It's confession time. This one's bad.
Back in the 80's I was working for the Falcons as an usher, a dream job where I got paid $35 to basically watch the game. This was before the Dome, in an arena we called the Fulton County Wind Tunnel because it was so poorly designed, it made Atlanta games cold.
Football was my religion back then and my favorite teams were Atlanta (hometown), Washington (team I learned to watch football with, when my dad was working in DC), and the Forty-Niners (they were nice to us when our high school band played during a Falcons halftime and the Falcons gave us seats behind the Niners' bench).
San Francisco was the current Super Bowl dynasty. Atlanta was whatever is the opposite of that. We still loved our Birds (and our crazy high draft picks) but the Niners were rock stars. And they were in our house today. I was fangirling before they let us in the gate.
I had to get there early, so I was standing in a crowd talking to some hardcore fans. They said they knew where to meet the players after the game. As they gave details, I began to realize I was about to quit my very cool job. I would use my crew pass to get in, then not show up for work. It was the next-to-last game of the season, so I'd had a good run as faithful employee. Time to be a hardcore fan.
Told you this one's bad.
We first met the Falcons. I remember meeting Scott Case and others, at some sort of tailgating thing where someone was grilling food and the rest of us were getting autographs. Then we met the Niners as they were exiting. Jerry Rice never stopped but he did sign my paper and he was smiling the whole time. Probably because they won.
That year, I got something in the mail from the stadium. When I worked there before, I'd gotten a Christmas card from the Braves because the stadium was actually theirs and they employed us. This year, I did not get a card. I got an offer to purchase Falcon tickets for next year.
Well played, management.
How far have you gone to meet an idol? Fess up.
It was my first time in the Georgia Dome. The Falcons had a meet and greet for fans with Falcons legends. You could walk on the astroturf and get autographs. My friend and I saw an old-timer, a player we really admired, so we waited patiently as another fan talked with him.
We were both a bit nervous, so we just said hi and handed over our autograph books.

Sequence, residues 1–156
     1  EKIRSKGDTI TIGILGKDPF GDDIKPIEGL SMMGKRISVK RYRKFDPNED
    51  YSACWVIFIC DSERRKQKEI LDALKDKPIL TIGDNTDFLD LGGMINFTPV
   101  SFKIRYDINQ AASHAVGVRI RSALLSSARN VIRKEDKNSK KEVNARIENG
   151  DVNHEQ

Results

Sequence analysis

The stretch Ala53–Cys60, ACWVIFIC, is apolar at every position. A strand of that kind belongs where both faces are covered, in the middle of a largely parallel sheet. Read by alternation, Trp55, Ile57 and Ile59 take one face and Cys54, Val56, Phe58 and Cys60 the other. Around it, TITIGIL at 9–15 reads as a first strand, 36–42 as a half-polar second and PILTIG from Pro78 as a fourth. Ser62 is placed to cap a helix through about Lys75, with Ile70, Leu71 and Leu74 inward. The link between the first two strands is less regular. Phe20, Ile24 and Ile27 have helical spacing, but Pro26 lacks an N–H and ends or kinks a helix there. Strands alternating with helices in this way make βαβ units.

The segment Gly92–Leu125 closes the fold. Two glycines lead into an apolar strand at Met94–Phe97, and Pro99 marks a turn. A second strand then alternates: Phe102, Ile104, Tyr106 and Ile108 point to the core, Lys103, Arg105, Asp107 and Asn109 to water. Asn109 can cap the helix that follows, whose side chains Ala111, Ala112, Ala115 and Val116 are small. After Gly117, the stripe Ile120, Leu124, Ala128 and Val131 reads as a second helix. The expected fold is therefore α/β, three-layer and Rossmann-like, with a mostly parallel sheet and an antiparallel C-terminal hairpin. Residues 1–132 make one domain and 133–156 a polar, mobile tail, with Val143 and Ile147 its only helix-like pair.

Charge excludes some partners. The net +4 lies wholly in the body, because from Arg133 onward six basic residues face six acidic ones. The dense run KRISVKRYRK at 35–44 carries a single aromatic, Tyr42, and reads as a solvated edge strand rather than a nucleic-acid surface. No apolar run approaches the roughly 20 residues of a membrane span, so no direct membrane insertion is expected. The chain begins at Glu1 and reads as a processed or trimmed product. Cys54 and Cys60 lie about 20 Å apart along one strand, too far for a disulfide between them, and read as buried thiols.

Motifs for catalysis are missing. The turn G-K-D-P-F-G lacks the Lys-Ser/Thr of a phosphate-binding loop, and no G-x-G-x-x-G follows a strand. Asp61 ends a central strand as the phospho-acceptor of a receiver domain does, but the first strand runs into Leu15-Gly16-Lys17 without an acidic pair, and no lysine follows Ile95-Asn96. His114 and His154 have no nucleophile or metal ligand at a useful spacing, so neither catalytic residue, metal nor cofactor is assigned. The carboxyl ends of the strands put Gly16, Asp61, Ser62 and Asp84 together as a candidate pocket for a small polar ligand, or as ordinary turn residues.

He let out a sigh and in a tired voice said, "Do you even know who I am?"
"Yes! You're (name withheld to protect the jaded)! I've been a fan for years." My friend offered further confirmation to this weary soul.
He consented and signed, but that exchange left a mark. Here's someone who was a household name to us, but he knew his star was already fading. He knew his fame was more about the jersey and how he performed in it, than about the guy whose name was stitched on the back.
It is a hard thing to be known for what you do.
Have you met any jaded stars?
My second fandom was the 70's New Mickey Mouse Club and Lisa Whelchel was my favorite Mouseketeer.
Years later when I became a Christian, I ran across her first book and was thrilled to learn she was a believer, too, even when she was on the show at age 12.
Eventually she wrote a memoir and I met her on that book tour. I'd met some famous people before, but nothing prepared me for meeting Lisa for the first time.
I was in line at the bookstore signing and could hear her voice across the room. Tears welled and I started shaking. Mind you, I was a grown woman, with a faith and a calling and a full realization that this was a normal woman with a family and a life. But it was Lisa.
This was the kid whose talent had given me hope as a middle schooler, when our newly blended family had moved to another town. There was a peace about Lisa that I wanted. She was a calming presence. And the show inspired me to go into junior high theater, where I got to act, direct, and even write.
Now I was in full-time ministry and so was she, and it was all just too much. I gathered myself enough to have a normal conversation with her at the signing table. We took a picture and she signed my book, and I showed her a keychain I had with the 70's Mouseketeer ears on them. I'd gotten it while at Disneyland, when my high school band was in California to perform in the Rose Bowl Parade. It was a prized possession, and quite rare.
Lisa said she'd never seen one like it and spent time looking it over and feeling the details.
"You can have it!" I gushed. I wanted to connect, and in some way give back to her for the creative world she'd opened up to me. I gave her the keychain and a book I'd made for her (geek) and said my goodbyes. I got to my car before bursting into tears.
After that profound life moment, and a couple more book signings, I got to volunteer twice for Lisa's Momtime ministry, where I spent time behind the scenes working with the whole family. By this time I knew them all from her blog. I was watching her kids grow up like I'd watched her grow up. And I loved how Lisa interacted with her kids. Now I wasn't fangirling. I was just meeting her family and hoping to bless them.
I'm deeply thankful for that season because Lisa is no longer writing or hosting retreats, and I will likely not meet her again. So I just follow her entire family on Instagram.
That's normal, right?